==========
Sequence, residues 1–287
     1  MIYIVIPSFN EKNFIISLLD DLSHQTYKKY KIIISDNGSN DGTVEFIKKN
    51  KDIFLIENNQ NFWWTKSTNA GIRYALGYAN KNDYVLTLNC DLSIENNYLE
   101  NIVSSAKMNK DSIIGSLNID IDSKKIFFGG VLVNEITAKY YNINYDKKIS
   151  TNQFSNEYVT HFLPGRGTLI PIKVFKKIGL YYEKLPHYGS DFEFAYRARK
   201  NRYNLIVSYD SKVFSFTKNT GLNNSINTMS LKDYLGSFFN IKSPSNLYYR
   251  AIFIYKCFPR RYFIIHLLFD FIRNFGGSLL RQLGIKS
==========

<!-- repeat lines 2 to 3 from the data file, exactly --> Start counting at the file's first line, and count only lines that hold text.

     1  MIYIVIPSFN EKNFIISLLD DLSHQTYKKY KIIISDNGSN DGTVEFIKKN
    51  KDIFLIENNQ NFWWTKSTNA GIRYALGYAN KNDYVLTLNC DLSIENNYLE